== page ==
Les Da Chef on the the subtle sourness of mageu

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Les Da Chef on the the subtle sourness of mageu

Not all good things in life are sweet. Lesego Semenya remembers a flavour from his childhood: the subtle sourness of mageu. His Les Da Chef twist?Strawberry coulis for colour, flavour and yes, sweetness

One of the most common features of indigenous foods is the use of fermented ingredients. Before the age of electricity, many foods had to be fermented to make them last – and the tradition continues. Fermentation adds flavour and structure, as well bacteria that help keep your gut happy.

There is evidence of fermentation methods dating back to the origins of central and west African nomadic tribes, and migrating with them as they spread through eastern and southern Africa. I remember as a child, growing up in Soweto, whenever my siblings or I were ill, our mom Gloria would buy us mageu (that’s the name in the Sesotho group of languages – Sotho, Tswana and Pedi; in isiXhosa it is spelled marhewu and has various spellings in other southern African languages).

Mageu-with-strawberry-coulis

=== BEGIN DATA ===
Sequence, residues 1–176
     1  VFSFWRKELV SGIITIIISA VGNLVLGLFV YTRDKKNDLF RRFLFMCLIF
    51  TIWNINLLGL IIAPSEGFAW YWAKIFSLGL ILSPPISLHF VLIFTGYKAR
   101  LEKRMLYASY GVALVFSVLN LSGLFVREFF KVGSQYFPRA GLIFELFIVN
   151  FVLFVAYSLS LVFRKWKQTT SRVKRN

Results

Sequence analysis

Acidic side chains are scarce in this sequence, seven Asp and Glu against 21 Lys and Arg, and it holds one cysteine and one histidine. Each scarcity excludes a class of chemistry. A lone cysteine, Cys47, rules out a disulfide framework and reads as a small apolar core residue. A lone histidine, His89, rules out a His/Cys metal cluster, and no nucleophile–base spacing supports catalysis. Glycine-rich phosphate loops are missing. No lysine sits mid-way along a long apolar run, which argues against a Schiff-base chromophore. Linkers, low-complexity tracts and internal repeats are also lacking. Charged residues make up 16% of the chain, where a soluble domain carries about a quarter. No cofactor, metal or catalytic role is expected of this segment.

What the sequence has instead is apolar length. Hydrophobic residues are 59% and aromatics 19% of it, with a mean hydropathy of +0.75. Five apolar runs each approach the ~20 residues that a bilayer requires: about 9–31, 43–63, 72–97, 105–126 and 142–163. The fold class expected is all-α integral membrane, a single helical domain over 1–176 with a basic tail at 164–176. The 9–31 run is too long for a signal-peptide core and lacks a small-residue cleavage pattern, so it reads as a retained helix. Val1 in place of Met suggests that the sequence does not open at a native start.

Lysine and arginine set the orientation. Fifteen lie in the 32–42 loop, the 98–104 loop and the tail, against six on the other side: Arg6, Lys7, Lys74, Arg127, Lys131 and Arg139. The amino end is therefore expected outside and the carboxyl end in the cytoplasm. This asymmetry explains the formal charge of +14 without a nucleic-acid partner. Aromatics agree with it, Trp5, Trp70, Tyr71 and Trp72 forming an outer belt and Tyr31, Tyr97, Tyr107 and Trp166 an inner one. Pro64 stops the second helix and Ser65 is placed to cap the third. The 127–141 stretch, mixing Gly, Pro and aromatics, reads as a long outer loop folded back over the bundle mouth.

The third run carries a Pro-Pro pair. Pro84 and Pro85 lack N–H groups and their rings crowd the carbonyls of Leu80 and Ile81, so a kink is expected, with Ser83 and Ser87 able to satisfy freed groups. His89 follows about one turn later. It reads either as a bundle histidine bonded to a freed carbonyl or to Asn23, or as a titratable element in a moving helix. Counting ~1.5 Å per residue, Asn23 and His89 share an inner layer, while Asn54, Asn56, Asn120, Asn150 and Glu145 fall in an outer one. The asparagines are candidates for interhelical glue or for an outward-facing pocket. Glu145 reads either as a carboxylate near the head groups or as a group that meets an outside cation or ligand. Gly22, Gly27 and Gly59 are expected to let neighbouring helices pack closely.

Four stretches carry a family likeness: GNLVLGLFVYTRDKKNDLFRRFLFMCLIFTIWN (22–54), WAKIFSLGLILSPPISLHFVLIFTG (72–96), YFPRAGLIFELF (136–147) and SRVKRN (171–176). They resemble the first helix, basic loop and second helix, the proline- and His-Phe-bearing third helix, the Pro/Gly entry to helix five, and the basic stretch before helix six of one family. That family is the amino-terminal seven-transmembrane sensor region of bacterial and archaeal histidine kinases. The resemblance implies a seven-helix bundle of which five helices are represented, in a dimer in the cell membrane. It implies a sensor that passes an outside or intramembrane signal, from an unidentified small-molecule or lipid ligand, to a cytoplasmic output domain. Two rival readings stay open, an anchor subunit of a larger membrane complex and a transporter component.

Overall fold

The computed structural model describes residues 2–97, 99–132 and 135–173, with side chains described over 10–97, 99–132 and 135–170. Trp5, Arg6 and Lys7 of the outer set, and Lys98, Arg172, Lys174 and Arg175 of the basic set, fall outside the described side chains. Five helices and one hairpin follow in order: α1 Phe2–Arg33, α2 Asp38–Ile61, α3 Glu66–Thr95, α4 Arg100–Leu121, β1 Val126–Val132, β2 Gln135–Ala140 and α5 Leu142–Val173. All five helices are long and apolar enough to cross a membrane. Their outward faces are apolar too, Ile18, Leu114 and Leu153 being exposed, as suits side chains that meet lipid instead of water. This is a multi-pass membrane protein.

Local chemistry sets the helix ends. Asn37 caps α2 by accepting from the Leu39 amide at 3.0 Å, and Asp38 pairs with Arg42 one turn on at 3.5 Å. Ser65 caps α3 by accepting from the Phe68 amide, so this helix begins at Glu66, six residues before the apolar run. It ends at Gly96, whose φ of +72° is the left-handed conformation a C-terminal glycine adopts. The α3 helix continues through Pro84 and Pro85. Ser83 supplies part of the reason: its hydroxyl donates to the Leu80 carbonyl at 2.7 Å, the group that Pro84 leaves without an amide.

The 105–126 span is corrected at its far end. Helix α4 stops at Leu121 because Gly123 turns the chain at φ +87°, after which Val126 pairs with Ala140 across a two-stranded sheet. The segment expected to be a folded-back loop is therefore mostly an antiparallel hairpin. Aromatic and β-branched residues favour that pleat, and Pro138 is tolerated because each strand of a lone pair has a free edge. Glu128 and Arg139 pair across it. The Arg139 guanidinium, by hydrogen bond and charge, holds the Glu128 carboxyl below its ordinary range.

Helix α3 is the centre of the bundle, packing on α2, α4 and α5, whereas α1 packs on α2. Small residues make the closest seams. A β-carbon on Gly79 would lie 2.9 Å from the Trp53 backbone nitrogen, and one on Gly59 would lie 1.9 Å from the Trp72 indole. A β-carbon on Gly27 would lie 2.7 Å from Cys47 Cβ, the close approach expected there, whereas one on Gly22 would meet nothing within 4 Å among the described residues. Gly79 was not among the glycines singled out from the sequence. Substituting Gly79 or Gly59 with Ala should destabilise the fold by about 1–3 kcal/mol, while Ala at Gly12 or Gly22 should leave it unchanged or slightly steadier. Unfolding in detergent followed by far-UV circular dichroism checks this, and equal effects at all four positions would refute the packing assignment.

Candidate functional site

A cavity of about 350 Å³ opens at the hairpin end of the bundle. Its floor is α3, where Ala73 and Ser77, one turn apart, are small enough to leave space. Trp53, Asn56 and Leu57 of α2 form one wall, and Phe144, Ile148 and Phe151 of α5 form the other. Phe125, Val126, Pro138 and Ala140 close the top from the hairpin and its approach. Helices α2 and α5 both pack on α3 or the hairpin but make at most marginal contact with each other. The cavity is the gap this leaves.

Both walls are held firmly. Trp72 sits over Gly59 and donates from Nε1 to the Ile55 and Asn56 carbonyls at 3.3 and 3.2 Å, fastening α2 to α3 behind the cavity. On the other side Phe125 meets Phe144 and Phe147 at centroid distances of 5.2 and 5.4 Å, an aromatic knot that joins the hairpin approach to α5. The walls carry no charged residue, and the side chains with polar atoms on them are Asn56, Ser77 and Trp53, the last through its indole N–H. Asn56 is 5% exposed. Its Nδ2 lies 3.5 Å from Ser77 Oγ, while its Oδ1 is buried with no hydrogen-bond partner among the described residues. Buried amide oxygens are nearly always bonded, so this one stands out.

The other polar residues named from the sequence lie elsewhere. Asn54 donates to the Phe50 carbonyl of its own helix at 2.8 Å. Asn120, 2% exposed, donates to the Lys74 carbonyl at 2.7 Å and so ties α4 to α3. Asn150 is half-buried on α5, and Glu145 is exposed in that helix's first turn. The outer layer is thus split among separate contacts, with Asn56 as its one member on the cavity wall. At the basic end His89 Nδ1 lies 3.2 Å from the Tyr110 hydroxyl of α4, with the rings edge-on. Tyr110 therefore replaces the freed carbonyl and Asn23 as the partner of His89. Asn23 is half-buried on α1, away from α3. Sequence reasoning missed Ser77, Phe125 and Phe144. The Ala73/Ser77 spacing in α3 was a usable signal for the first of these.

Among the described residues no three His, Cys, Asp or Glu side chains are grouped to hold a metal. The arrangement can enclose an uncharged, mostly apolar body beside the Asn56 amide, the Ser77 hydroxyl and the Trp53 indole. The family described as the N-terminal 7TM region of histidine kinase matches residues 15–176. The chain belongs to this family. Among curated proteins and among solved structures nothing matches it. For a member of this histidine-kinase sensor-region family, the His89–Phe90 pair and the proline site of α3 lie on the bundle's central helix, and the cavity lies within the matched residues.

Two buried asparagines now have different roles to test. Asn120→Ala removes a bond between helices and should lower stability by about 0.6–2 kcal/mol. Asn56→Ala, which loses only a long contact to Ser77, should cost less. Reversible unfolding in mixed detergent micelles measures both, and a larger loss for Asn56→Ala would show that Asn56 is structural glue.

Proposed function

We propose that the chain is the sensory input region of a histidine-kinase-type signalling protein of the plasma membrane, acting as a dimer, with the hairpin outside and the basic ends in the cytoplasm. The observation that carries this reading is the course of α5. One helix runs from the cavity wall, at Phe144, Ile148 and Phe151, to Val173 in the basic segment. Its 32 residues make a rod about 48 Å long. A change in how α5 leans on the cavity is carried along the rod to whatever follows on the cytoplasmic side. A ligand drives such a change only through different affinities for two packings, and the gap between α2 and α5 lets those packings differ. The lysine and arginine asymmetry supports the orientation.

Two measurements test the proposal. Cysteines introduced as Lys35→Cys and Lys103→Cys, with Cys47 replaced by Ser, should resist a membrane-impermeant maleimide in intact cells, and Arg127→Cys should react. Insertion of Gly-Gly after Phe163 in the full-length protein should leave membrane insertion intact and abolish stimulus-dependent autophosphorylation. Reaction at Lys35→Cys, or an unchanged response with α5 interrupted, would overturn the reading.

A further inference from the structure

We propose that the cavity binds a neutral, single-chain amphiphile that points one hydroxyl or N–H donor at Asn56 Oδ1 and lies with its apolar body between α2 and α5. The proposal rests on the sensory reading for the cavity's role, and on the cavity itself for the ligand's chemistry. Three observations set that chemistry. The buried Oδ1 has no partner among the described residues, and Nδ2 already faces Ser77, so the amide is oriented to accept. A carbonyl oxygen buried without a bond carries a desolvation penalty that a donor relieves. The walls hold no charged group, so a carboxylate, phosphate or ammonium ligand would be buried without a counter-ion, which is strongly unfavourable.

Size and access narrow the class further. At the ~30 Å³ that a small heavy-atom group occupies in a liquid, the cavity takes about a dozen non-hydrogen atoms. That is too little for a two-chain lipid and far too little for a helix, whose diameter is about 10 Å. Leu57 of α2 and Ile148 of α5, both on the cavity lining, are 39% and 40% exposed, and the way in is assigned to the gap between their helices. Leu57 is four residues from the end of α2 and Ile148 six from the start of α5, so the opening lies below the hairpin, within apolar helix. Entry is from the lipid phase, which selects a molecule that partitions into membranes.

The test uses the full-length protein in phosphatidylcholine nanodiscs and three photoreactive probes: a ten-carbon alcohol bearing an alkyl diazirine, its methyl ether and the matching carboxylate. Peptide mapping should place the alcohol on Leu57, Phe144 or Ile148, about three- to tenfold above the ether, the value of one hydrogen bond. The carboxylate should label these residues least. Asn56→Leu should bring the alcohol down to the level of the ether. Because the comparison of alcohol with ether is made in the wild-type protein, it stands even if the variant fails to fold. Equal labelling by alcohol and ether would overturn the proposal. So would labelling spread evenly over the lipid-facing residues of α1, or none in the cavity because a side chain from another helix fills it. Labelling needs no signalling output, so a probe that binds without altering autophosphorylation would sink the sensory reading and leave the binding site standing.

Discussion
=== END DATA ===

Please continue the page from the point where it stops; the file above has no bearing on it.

I didn’t particularly enjoy it, but I’ve wised up to its nuanced notes. So, what is mageu? Originally, it was made with sorghum (mabele) but, like all things in the culinary world, time has brought changes, though the fundamentals remain. Simply put, it’s a fermented drink made with maize meal and water.

It’s best made during warmer months (when the maize ferments faster), but you can buy it ready-made in various flavours. This recipe follows the traditional method but I’ve added a cheffy twist by mixing in a strawberry coulis. They may not have had all the scientific terms, but our ancestors instinctively knew a thing or two about nutrition. Mageu is an invention that proves this, which is an excellent reason to celebrate it.

Find the recipe for mageu with strawberry coulis.

Lesego Semenya Article by: Lesego Semenya

Lesego Semenya aka Les da Chef knows his way about a braai – in particular how to treat that South African favourite, the lamb chop.

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